Public transport sometimes does grand, sometimes does stylish, occasionally goes for the monumental, and at times ventures into the high-tech. It rarely does sleek. This week’s transport beauty is a rare example of the sort of achingly desirable futuristic gorgeousness epitomised by the work of Pierre Cardin and which electronics company Apple has so successfully converted into a global business model of covetable products. It’s Drassanes station, on line 3 of the Barcelona Metro.
Sleek is a design ethic which is very difficult to pull off effectively. It’s all geometric shapes, smooth contours, bright colours (or dazzling white) and glossy finishes. It requires real attention to detail and an understanding of the use to which the finished design will be put. Apple’s products may be widespread but it’s one of the very few companies that have pushed this aesthetic to its limits, whilst still maintaining enviable functionality, as all good industrial design should. Its products work very well, and everything about them looks gorgeous, not because they are highly decorated, or appear very intricate, but for almost the exact opposite reasons. Apple products are slick, shiny and minimalist. They are the ultimate tactile objects, desperate to be clutched or stroked. There’s not an unpleasant sharp edge or rough patch on them.
When movie director J.J. Abrams unveiled his reboot of the Star Trek films in 2009, that same sleek aesthetic had escaped into outer space, informing the design of the interiors of the starship Enterprise. In fact, one of the major criticisms from long-time Trek fans (see here, for instance) was that Abrams’ Enterprise looked as if it had been designed by Apple. It was all white, shiny, curved surfaces with beautiful display panels and pin-sharp lighting (there’s a picture of one of the sets here). But why would you not want the Enterprise to look utterly gorgeous? Why would it not look like the best technology design of which you could conceive? The alternative, the drab grey fittings and matt metal finishes seen in the last couple of Star Trek TV series a few years earlier, don’t bear dwelling upon. One of the successes of Abrams’ take on Star Trek was recapturing viewers’ desire to join the crew of the Enterprise and hitch along for the ride; the attractive design was part of that seduction. Production designer Scott Chambliss cited French designer Pierre Cardin as his inspiration (here), many pieces of Cardin’s non-clothing design also encompassing dramatic forms in bold colors, with sinuous curves.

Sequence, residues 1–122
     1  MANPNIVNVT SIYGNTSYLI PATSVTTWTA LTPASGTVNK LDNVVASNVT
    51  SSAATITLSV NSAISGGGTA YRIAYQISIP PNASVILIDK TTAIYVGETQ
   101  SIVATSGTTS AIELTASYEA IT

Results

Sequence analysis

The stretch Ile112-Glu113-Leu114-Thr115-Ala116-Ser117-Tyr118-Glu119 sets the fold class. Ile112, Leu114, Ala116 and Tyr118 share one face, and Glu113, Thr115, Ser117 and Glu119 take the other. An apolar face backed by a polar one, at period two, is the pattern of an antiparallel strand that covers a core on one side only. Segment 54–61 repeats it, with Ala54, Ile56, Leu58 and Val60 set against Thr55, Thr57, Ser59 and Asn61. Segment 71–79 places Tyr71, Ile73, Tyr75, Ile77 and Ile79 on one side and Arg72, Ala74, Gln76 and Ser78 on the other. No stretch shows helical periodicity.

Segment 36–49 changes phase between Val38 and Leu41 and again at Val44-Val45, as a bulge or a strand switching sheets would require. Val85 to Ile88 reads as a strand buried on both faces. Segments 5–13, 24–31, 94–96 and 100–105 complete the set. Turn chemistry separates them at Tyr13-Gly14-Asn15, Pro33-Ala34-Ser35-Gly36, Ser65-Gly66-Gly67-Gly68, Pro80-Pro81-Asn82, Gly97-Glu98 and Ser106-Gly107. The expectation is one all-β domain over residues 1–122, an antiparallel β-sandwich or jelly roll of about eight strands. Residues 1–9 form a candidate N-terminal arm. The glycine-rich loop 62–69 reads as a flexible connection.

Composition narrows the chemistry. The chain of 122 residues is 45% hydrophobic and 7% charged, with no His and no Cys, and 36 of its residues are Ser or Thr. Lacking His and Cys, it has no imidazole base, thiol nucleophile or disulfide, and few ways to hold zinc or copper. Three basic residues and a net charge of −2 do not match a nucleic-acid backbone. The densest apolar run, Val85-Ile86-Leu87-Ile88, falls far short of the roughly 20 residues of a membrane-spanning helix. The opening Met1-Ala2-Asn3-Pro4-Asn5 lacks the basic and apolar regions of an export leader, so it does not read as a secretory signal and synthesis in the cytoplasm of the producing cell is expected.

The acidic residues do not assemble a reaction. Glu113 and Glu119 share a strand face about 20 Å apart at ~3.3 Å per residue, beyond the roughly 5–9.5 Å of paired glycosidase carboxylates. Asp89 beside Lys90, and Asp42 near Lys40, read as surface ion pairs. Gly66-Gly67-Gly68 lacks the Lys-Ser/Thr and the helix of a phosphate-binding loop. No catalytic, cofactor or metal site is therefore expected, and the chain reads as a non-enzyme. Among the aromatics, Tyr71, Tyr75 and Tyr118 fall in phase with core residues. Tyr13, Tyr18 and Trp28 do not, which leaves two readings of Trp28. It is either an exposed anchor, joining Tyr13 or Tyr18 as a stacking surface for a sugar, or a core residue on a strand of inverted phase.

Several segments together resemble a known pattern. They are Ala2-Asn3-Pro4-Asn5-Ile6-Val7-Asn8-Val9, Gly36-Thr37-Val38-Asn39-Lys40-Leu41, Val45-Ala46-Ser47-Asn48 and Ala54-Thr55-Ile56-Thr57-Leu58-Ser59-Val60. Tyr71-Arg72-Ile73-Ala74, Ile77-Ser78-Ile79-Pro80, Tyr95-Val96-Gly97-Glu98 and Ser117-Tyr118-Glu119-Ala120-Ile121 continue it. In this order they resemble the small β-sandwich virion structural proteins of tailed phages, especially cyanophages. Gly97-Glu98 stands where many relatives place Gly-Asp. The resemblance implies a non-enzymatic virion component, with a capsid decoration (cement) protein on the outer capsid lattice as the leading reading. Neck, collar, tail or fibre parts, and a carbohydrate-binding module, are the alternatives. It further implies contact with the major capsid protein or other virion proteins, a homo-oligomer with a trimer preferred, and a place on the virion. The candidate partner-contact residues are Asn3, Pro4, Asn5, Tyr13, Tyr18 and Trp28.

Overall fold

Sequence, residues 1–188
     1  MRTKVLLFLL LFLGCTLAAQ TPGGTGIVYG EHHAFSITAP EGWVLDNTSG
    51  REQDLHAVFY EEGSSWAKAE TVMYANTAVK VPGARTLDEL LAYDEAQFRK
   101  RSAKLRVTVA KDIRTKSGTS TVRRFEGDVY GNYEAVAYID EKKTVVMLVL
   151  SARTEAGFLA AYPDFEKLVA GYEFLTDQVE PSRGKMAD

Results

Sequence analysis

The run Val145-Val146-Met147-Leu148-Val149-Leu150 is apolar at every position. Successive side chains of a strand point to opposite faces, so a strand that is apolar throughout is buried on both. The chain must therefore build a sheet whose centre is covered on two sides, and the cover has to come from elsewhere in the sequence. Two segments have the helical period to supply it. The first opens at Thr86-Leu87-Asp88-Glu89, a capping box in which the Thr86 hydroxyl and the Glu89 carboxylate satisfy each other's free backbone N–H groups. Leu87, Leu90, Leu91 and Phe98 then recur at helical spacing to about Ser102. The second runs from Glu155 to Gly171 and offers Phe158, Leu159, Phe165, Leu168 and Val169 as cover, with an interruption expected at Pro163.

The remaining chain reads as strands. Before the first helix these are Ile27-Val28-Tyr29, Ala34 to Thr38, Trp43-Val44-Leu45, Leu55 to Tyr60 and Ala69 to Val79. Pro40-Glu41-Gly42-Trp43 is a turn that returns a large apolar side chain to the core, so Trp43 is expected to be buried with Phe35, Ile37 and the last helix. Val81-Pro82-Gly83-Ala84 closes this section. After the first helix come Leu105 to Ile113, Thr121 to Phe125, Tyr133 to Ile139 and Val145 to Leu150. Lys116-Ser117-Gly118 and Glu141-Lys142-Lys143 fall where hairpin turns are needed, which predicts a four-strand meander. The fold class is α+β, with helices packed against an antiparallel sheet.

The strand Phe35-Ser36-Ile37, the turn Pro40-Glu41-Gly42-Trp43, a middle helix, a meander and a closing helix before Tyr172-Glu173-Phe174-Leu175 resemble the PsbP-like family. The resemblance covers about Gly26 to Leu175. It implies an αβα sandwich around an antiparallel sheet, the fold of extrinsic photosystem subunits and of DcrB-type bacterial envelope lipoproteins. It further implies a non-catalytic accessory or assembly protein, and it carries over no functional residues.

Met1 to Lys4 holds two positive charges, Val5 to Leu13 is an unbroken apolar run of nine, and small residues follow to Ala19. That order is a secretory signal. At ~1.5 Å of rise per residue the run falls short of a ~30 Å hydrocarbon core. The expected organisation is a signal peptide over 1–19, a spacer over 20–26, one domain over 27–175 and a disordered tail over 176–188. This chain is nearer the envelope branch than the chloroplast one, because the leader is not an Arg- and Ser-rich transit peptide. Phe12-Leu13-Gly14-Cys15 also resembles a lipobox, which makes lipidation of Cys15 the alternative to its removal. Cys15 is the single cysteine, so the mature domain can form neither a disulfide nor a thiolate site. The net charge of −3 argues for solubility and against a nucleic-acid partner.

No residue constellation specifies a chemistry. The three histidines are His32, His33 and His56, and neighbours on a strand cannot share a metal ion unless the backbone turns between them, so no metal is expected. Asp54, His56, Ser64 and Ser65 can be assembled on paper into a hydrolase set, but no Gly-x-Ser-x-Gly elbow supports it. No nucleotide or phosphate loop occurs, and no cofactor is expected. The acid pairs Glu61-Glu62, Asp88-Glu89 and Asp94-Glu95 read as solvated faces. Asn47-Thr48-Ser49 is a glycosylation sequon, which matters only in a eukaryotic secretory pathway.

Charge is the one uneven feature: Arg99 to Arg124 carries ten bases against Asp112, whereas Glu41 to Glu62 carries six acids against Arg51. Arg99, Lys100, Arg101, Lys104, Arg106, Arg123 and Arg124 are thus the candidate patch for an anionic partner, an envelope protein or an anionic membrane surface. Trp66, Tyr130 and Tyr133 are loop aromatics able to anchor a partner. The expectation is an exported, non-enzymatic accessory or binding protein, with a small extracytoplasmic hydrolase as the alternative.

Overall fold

In the same year that Abrams unleashed his slick starship interiors on unsuspecting cinema-goers, Barcelona’s metro system unleashed on unsuspecting travellers some of the sleekest station interiors ever seen on such a network. It was enough to make you wonder whether Abrams had visited Barcelona during the construction of Drassanes station’s, but the real reason is simply that Apple had popularised amongst a mass audience an aesthetic which looks like it comes from a better and more beautiful future than most industrial design, and Drassanes represents one of the few occasions that the transport industry has been brave enough to embrace it too.
The work of Barcelona-based architecture practice ON-A, Drassanes station is a masterpiece of simplicity, light and near-seamless tactile beauty. It’s of the same family as Apple’s product design, Cardin’s industrial design, and Chambliss’s production design, but has a character unique to itself which solves several design problems posed by the station.
Drassanes station opened in 1968. In its original form it was dark, and many of the interconnecting corridors had restricted headroom, leading to a claustrophobic experience common to many metro stations. ON-A’s solution demonstrates that clever design can alleviate this sense of oppressively small spaces without undertaking the massively expensive task of making them physically larger. It has completely revolutionised the look and feel of the station, as this ‘before and after’ picture illustrates:
“Continuity of space” is key to the design, says ON-A¹, and is delivered through continuous panelling made of glass reinforced concrete, and finished in bright white. The panels have a C-shaped cross-section on the platform walls, and an L-shaped cross-section on the walls of the connecting corridors. Both convex/inside and concave/outside corners are accommodated by specially moulded pieces for such turns, smoothing out sharp edges in the station geometry which helps make walking through the station a more gentle and less stressful experience: